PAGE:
Daughter liked the Mac and Chreese. I didn't. Tasted to me of mustard but then she likes mustard. I often put ham cubes in it and I think that makes it better. If you like ham. Which I don't. I preferred the Say Cheeze but husband wouldn't eat that because it had hemp seeds in it.

You can also make your own with whatever faux cheese you like. I kind of like Daiya but I have to eat it in limited amounts. It doesn't exactly taste like cheese to me. There is a new cheese on the market but I haven't tried it.

http://www.goveggief...CFWbZQgodVAgARQ
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#6 jacksonsmummy

 
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Posted 02 April 2013 - 06:32 PM

I make a great Mac and Cheese ! I use rice pasta spirals and then melt goat cheese with natures balance butter substitute and some sea salt. It tastes like the Annie's my son always loved! Goat cheese and milk is great, tastes almost exactly like cows milk but no allergy issues!
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#7 StephanieL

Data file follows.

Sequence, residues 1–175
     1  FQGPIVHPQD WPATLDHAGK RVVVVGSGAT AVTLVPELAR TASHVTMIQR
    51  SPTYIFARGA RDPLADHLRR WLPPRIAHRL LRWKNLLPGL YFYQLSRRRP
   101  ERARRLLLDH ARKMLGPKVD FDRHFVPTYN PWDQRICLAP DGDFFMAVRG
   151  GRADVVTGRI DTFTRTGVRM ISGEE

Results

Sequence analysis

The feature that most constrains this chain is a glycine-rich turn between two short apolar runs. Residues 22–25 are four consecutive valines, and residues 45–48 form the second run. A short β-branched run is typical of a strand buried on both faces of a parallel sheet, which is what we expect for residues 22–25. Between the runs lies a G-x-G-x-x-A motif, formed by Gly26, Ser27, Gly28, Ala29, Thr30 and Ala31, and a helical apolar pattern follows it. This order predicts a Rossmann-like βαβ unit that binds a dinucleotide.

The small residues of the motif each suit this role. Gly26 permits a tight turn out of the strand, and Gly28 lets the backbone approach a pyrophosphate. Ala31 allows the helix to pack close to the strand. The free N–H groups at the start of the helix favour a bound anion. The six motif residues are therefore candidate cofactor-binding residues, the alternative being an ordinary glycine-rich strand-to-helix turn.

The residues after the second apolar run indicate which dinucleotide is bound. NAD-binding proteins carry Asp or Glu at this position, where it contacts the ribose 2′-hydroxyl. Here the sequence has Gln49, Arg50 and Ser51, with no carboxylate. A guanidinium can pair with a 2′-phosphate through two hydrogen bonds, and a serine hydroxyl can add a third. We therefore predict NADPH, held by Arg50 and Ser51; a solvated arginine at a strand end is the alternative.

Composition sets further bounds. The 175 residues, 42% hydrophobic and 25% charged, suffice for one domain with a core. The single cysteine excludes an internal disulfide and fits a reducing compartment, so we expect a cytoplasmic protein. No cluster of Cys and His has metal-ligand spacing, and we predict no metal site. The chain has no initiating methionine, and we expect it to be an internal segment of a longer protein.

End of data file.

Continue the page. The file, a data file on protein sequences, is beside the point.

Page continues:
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Posted 02 April 2013 - 06:49 PM

I make a great Mac and Cheese ! I use rice pasta spirals and then melt goat cheese with natures balance butter substitute and some sea salt. It tastes like the Annie's my son always loved! Goat cheese and milk is great, tastes almost exactly like cows milk but no allergy issues!

98+% of kids with a cow milk allergy are also allergic to goat milk/cheese. It isn't a good idea to try it without an allergists go ahead because of this high likelihood of cross reaction.


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#8 thegirlsmom

 
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Posted 02 April 2013 - 07:58 PM

98+% of kids with a cow milk allergy are also allergic to goat milk/cheese. It isn't a good idea to try it without an allergists go ahead because of this high likelihood of cross reaction.


Interesting! Anyone know about sheep cheese? What symptoms does your child have with dairy?
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#9 nicolebeth

 
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Posted 03 April 2013 - 05:35 AM

Do you know if it's casein or lactose? Our household can tolerate butter (at least, the pastured butter) well, but we seem to have issues with milk, cream, yogurt, cheese, etc. Some of the substitute products taste better with actual butter (like the Chreese). Amy's also does a boxed dairy-free/gluten-free. We found it at Whole Foods. It got mixed reviews from my three kids. (Two liked it; the little one did not like it.)